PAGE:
• History – Week 1: edit previous work on that
• Geography – Week 2: add new content to that
• Music same page
(16 pages in total)
After two weeks:
Students do not create new pages. • Group is assigned a new country
• Students move to new topics
within the new country.
– Again, proofread 1st week
– Develop content 2nd week
Evaluation of rotating wiki Grade has 4 sub-points
• After each 2-wk cycle, each o On-time-ness
• Wiki submission not completed
student receives a grade for at the last second
that period (5 grades for the
o Number and quality of
term) external references (links)
• Intra-wiki linking not required. o Style of page
• Media content must be
contextualized. Page must be
• Extra-wiki linking is vital organized.
• Grading found to take
o New culture-oriented
equivalent time to evaluation vocabulary
of the two dropped essays. o This point dropped from rubric
Instructor created homepage, main country pages, and 4 category pages
for each country.
On the homepage, she included a video for each country.
There are also intra-wiki and external hyperlinks within the text written
by the instructor.
These specific changes
shown below were made
when? And by whom? Use these arrows to click
through time and see the
This is the start page provided for each subtopic of each country. Note how
the deadlines and basic expectations for a given topic are
enumerated, even though they appear on the syllabus and were discussed
in several class sessions.
This is also an example of viewing the history of a page in the wiki. The
versions are all listed as shown on this slide, and an instructor can also
click through using the “Diff” arrows on the top right.
Here is a recent version of the same page. It has a map as requested and
addresses some other issues particular to Haiti, for instance the video
with audio examples of Haitian Creole. At the bottom of this page, as
with all pages, students hyperlinked the websites they used as references
in the creation of this page, besides hyperlinking to specific content
within the body of their text.
This is a composite of some parts of the La Cuisine Algérienne page
showing rich multimedia components available in a wiki project. The
video shows the process of making couscous.
Students from the course have since gone to the cafe shown and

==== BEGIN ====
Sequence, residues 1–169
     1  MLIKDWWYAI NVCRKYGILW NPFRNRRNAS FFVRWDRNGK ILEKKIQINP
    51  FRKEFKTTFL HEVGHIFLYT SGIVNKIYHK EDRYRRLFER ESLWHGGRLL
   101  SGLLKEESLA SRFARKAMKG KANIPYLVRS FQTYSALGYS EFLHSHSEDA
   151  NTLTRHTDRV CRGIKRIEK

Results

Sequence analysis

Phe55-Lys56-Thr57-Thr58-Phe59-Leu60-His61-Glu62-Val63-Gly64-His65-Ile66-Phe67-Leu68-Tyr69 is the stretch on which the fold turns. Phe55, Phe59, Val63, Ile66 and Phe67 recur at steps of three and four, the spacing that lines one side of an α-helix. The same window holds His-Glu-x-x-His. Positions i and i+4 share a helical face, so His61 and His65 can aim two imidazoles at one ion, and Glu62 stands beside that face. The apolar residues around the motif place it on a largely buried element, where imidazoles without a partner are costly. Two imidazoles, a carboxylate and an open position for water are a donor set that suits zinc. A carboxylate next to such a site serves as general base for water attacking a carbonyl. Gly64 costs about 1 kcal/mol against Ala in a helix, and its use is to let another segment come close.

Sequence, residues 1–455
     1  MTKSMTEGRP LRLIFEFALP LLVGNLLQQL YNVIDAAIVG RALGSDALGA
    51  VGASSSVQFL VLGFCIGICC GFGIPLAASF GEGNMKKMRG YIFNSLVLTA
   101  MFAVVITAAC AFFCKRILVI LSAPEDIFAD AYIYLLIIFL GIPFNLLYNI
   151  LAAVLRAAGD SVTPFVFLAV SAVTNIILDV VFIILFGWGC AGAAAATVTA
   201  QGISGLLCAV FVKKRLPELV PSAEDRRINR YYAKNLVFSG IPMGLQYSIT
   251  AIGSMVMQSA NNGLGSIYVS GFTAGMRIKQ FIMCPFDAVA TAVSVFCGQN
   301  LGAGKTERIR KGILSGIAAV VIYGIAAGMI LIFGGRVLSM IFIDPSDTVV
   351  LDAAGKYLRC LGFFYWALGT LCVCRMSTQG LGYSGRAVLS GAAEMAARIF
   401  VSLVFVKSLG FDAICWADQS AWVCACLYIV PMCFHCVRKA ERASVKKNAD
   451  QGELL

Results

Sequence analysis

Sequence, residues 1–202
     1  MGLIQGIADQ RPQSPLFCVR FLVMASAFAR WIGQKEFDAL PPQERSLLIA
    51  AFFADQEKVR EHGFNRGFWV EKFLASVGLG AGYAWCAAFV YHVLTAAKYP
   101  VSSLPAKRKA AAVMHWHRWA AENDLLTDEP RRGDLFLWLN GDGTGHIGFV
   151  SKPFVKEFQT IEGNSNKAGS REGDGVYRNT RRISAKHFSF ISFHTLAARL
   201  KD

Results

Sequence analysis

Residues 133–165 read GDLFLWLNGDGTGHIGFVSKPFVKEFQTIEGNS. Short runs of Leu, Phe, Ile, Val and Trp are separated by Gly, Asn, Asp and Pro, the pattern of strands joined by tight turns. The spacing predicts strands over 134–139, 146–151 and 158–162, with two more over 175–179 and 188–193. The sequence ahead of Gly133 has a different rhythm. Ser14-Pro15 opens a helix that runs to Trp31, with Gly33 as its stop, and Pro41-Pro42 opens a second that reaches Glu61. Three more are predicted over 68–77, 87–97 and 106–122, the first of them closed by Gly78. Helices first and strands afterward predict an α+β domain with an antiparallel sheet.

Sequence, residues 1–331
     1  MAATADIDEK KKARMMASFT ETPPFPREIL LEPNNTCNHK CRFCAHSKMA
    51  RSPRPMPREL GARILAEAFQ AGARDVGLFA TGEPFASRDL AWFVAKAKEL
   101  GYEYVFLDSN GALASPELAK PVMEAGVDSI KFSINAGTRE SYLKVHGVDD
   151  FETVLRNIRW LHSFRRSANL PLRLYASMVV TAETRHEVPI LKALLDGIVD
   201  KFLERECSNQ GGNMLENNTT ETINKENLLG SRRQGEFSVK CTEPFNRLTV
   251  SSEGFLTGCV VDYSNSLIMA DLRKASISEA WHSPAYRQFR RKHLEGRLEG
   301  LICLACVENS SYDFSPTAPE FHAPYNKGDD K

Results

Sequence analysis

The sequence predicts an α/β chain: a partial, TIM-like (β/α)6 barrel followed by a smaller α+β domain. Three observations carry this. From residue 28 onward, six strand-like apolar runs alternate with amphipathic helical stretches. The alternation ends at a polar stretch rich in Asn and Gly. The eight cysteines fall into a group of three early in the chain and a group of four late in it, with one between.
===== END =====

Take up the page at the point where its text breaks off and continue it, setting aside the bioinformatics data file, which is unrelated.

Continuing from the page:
reported conversing in French with people in it.
Note also the References linked at the bottom.
Plagarism Valid references
In the examples shown • Provide guidelines as to how
here, instructors spot-checked much referencing is expected.
suspicious text. In the Japanese and
French wikis, all student work was – Once a paragraph?
legitimate. – Each sentence?
– At least 8 external references
A more systematic way, for Blackboard per wiki page?
or non-Bb wikis could be:
• Provide guidelines as to what
• Grade students throughout the sorts of pages are legitimate.
– Must be in target language?
• At the final deadline, students – Must be “appropriate”
copy&paste their final pages into a – Must be relevant
Word document. • Explicitly ban pages that
• They must submit that document students should not use /
to SafeAssign within Blackboard. cannot count as references:
• This would be an additional – Wikipedia
requirement of the wiki project. No – Personal blogs?
SafeAssign = fail project. – US gov’t pages?
• Students in the advanced French course are so proud
of their work, they have asked the professor to make it
publicly available (outside of Blackboard)
– Bb wiki allows “Export site” which downloads a zip file of
all pages, embedded images, links, etc.
– This can easily be uploaded to a webspace, and all links
work, videos still play, etc.
• The final version is linked from here:
• Wikis are a great way to inspire students to think
creatively about their second language writing
• Want to use a wiki? Don’t forget to:
– Decide how, why, and where a wiki will best serve
– Make a clear framework for you and your students
– Craft your criteria for grading carefully